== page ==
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Stories that are Hard to Tell

Stories that are Hard to Tell

It’s not hard to write stories about the infectious grace of God. Sometimes, they just roll off the tongue (or the keyboard) as quickly as the words can be formed. It’s not hard to share stories with you about grand moments of redemption and epiphany—when all the circumstances of our ministry seem to click together for an instant and the Kingdom appears in an unexpected place. Those moments begin becoming stories to tell and retell even while the last sounds of laughter and joy echo off the walls. It’s not hard to update you on the ministry of folks like Bruce and Ben (who officially comes on staff at Third Chance Ministries today!) or Tracy and Laura. As I write those stories, it feels like I get to introduce you to some of my dearest friends and tell you why they are spectacular and I am so incredibly blessed to be among them and serving alongside them.

It’s not hard to tell the “good” stories, but there are certainly stories that are hard to tell.Those moments when it seems that success sours and a beloved sister or brother who has struggled and fought with addiction relapses and takes up their chains again don’t flow easily from a pen. When a dear one dies—whether from cancer or a tragic accident—it’s not easy to find words to lift up over them as we grieve and mourn our loss and wonder aloud with the Church how long Jesus will tarry. It’s hard to tell about those moments when promise and potential melt away like morning fog to leave only loss, poverty, and failure on the ground before us where moments ago we were so confident we would soon see the pillars of the Kingdom of God standing resolutely. In short, we’re still learning how to hold out hope when it feels that the darkness presses in tighter with each shaky breath.

It takes a far greater storyteller than me to tell the hard stories in a way that still speaks powerfully of God’s great mercy and providence in our lives. Over nearly four years of being an intentional Christian community of mission and hospitality, Grace and Main Fellowship has been cut to the quick time and again by the hard edges of the circumstance in which we have invested ourselves. Living where Grace and Main has chosen to live means actively participating in sad stories that do not always resolve to anybody’s satisfaction—for every story of the grace triumphant, we can tell several stories of redemption delayed or aborted. Building relationships like we do means returning again to the shaky hesitation of vulnerability, self-disclosure, and the practice of hospitality, always knowing that the price of these essential elements may very well be pain and suffering. When a brother chooses a life of homelessness and addiction over hospitality and sobriety, it is no easier to watch him suffer simply because he chose it—not when you’ve shared your table and your life with him.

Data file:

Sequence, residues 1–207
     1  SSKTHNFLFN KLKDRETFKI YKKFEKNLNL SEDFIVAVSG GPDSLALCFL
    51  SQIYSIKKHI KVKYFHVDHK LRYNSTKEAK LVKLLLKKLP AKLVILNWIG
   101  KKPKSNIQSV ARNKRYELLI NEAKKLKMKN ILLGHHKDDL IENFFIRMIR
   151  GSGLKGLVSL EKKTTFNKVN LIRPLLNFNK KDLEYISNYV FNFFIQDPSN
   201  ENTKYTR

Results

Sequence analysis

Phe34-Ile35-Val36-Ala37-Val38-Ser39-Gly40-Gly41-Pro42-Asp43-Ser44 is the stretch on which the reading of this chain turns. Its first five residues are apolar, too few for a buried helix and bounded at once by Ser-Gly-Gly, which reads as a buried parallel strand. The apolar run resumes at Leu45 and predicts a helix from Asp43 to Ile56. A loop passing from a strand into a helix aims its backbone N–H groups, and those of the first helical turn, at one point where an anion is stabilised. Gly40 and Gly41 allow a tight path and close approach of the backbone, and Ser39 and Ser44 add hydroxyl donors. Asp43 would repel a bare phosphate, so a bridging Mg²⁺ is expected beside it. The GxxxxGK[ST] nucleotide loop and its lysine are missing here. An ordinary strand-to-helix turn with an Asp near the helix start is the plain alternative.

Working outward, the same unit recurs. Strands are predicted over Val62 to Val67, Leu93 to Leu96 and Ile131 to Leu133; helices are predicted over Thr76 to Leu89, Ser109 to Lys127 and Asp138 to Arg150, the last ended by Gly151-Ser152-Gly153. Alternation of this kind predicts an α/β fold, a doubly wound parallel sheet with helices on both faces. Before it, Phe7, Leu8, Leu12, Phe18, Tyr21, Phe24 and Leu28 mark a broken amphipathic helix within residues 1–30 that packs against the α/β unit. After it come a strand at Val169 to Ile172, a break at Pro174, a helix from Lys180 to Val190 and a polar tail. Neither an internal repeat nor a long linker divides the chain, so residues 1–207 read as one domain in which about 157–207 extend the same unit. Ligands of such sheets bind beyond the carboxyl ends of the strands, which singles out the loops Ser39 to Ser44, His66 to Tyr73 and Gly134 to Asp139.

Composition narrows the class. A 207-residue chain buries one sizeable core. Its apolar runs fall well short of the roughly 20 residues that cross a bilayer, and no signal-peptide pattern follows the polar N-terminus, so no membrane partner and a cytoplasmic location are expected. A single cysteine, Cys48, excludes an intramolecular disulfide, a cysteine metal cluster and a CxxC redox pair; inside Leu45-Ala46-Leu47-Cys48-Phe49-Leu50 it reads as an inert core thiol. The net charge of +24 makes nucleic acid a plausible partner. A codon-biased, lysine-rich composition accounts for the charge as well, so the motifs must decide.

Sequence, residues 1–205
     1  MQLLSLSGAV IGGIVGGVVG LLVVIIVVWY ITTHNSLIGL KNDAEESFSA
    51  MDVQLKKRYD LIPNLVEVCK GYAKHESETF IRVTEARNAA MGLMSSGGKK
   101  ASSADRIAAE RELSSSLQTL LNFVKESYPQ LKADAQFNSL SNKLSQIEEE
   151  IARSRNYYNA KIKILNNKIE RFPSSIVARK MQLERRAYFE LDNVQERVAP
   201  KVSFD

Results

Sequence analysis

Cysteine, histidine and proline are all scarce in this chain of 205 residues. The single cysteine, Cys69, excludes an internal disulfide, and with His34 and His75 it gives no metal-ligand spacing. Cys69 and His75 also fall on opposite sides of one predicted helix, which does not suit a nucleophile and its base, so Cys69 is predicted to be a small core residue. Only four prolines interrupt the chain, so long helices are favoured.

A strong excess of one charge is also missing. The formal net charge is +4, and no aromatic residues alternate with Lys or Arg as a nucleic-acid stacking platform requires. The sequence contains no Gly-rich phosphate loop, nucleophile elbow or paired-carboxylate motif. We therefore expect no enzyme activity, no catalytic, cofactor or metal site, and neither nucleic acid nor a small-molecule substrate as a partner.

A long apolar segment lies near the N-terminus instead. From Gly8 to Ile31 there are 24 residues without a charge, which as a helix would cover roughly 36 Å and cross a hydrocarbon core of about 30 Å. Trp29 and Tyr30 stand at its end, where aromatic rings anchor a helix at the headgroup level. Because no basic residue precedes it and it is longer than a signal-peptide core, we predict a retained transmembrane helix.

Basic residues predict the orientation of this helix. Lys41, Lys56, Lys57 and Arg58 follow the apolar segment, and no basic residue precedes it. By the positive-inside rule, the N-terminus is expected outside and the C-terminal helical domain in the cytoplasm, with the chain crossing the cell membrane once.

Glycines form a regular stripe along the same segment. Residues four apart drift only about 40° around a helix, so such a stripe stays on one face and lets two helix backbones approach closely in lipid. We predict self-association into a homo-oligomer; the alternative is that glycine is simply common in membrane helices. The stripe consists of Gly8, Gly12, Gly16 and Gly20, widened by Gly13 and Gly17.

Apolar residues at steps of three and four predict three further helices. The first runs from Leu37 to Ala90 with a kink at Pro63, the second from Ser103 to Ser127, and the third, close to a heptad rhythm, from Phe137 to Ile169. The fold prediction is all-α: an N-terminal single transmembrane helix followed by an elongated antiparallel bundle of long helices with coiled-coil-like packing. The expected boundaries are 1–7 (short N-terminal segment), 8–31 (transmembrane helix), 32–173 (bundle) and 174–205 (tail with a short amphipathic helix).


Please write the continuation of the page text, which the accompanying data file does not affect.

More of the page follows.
Simply put, not all of the stories are “good” stories, but all the stories need to be told. The good and the bad? The easy and the challenging? The hopeful and the despairing? They’re all wrapped up together in doing ministry in hard places. Neither living in community nor the Kingdom of God is solely about the good times and the inspiring moments. No, sometimes it’s about those moments sharp as a razor and hard as a stone that teach you to depend even more on those to whom you have committed and to the God whom you stumble after in the dark.

But, here’s the Gospel that hides in those dark places:

It shall not always be this way.
Love has won the battle at the cross and death is on the run.
Addiction cannot hold God’s beloved children forever
and even sin itself will one day be forced to release its captives.
Fear will be brought to an end
and suffering will be unwritten.
Our God is Love and is working a wonder over this broken world.
There are stories that are hard to tell,
but there remains a single shard of hope in even the darkest of stories–
God’s not done telling them.

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